But chromosomes may differ within a species as well, and these differences may account for some of the underlying psychology that makes each individual unique: why some medicines like antidepressants work for some people but not for others; why one person might develop severe schizophrenia and not his/her identical twin; and why some people can live through an earthquake and be perfectly fine while others suffer from post-traumatic stress disorder after the event.

Differences in a cell's genome, says Chun, might be one of the organizational principles that controls gene expression within neurons. And one radical way the human body alters the genome of its cell may be by altering the chromosome composition. If this alteration occurs during development of a neuron, then it could potentially have effects over a person's entire life.

Even subtle changes in the expression of a single gene can affect the output of a neuron, and controlling the chromosome composition of a cell may be a not-so-subtle way of controlling gene expression. After all, if you lose an entire chromosome, that is two or three percent of your DNA—you have potentially lost a thousand genes, not just one.

Such changes might explain why identical twins may be genetically identical but may vary drastically in terms of behavior. Perhaps it could also explain why diseases of the brain manifest so differently in different individuals, and why so many diseases of the brain are sporadic, and cannot be traced to a single gene.

In several papers, most recently in November's Journal of Neuroscience, Chun and his colleagues have identified numerous neurons and glial cells in the brain that undergo mitosis (cell division) during development and become aneuploid—they differ from one another in that they don't have the same number of chromosomes.

The What and Why of Aneuploidy

Think of aneuploidy in terms of Beatles recordings. If Beatles songs were genes, then the chromosomes would be the albums they are on, and the Beatles genome would be the complete box set of every Beatles recording. An aneuploid Beatles collection would be one without all the albums—for instance, all albums but Abbey Road and Revolver.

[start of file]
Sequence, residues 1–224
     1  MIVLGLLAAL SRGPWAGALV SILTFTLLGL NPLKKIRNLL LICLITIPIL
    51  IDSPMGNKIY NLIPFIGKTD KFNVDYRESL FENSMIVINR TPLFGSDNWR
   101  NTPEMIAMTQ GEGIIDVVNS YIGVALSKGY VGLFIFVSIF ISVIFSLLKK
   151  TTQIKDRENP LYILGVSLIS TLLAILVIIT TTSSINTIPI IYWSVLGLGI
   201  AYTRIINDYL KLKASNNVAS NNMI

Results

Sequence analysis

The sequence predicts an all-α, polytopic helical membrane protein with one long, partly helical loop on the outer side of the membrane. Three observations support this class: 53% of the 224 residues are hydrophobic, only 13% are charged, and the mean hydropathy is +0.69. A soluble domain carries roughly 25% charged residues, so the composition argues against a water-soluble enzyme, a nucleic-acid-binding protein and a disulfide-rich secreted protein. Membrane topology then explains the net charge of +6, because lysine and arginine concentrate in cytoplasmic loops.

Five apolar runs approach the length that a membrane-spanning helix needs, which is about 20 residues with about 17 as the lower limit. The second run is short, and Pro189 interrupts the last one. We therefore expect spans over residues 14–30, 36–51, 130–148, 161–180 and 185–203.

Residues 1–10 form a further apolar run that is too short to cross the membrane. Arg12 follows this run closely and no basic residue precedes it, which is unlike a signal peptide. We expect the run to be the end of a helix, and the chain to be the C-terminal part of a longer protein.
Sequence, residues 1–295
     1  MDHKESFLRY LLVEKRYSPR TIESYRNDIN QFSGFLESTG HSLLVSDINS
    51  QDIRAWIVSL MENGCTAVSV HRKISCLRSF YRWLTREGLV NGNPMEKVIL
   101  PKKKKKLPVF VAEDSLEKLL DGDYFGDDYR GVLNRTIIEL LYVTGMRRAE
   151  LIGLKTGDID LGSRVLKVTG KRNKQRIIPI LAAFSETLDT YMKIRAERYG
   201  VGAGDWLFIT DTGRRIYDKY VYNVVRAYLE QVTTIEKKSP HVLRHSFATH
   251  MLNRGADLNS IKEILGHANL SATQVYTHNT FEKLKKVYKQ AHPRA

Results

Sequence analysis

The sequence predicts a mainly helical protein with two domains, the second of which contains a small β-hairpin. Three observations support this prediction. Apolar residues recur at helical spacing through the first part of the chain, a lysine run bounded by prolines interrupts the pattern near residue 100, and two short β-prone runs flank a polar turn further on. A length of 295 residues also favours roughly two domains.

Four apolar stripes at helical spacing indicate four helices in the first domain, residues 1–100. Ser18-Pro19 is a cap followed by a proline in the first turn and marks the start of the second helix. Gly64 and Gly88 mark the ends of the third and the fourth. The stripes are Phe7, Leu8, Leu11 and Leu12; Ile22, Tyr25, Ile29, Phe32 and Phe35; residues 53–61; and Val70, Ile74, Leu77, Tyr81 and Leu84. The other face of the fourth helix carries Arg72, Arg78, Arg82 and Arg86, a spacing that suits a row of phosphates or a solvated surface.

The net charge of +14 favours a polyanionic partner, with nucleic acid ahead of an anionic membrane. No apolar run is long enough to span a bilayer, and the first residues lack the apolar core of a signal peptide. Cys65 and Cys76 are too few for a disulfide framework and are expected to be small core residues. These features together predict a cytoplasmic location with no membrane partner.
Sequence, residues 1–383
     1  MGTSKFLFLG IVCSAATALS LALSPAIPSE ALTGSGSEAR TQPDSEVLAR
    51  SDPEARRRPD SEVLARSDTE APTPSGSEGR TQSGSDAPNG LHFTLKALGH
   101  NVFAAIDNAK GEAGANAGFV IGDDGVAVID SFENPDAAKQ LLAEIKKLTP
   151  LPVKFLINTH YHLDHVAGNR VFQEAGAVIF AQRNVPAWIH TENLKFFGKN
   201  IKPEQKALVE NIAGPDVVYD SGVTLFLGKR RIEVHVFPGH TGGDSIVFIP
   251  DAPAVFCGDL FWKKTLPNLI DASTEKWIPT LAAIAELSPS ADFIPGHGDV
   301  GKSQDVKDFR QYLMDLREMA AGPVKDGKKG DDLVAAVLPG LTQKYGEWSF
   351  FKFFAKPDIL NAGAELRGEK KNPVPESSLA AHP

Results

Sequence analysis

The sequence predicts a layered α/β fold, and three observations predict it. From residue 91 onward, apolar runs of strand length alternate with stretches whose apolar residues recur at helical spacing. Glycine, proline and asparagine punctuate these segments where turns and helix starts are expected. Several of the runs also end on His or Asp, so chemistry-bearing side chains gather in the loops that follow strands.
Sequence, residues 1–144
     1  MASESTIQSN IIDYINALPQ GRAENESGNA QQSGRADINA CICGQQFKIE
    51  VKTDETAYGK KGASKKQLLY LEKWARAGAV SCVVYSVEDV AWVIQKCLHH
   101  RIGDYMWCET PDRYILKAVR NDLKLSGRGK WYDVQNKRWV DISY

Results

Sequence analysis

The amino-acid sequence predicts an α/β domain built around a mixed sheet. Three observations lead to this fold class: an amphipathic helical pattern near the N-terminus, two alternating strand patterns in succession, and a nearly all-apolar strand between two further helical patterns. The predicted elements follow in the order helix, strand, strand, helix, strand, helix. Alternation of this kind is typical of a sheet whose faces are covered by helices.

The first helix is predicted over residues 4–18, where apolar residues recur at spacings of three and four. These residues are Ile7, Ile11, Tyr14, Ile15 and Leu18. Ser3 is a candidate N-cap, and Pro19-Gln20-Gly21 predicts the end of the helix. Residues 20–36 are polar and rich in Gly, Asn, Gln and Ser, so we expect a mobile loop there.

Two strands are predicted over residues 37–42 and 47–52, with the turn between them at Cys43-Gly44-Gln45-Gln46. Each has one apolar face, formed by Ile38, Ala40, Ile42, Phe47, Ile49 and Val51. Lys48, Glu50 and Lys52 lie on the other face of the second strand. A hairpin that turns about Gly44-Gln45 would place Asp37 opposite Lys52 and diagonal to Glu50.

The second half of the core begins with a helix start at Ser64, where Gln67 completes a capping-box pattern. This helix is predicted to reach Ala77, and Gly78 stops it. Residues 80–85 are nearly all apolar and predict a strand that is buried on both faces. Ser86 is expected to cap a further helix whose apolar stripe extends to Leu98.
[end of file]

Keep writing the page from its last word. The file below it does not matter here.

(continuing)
That, surprisingly, is what happens to at least some neurons during development.

"Cells within the brain had been thought to all have the same complement of chromosomes," says Chun. "It turns out they don't. We have aneuploid cells during development and later in life."

The loss and gain of chromosomes is actually a well-known phenomenon in cancer, and many cancers have long been observed to contain aneuploid cells. Most brain tumors, in fact, show some type of aneuploidy, but it is not clear exactly when brain cancer cells become this way.

What normal aneuploidy means exactly is not yet known, and right now Chun and his colleagues are trying to understand what the implications of aneuoploidy are for developing and mature brains.

"We think that [aneuploidy] contributes to the diversity of different types of cells," says Chun. And, he adds, this knowledge may have implications for therapy. If people have different genomes in their brain cells, then they may be responding to medications or experiences differently.

Chun and his laboratory would like to take some of this information and extend it to a drug discovery platform, though he admits that he is at a very early stage. Still, Chun has a lot of experience in drug discovery, as he was formerly the head biologist of Merck Research Laboratories in San Diego, where he created a department of molecular neuroscience that aimed to come up with new strategies for drug discovery in the neurosciences.

This is, of course, a difficult problem.


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"We would like to understand how the brain develops and how it functions," says Professor Jerold Chun, who is an investigator in the Helen L. Dorris Child and Adolescent Neurological and Psychiatric Disorder Institute at Scripps Research. Photo by Jason S. Bardi.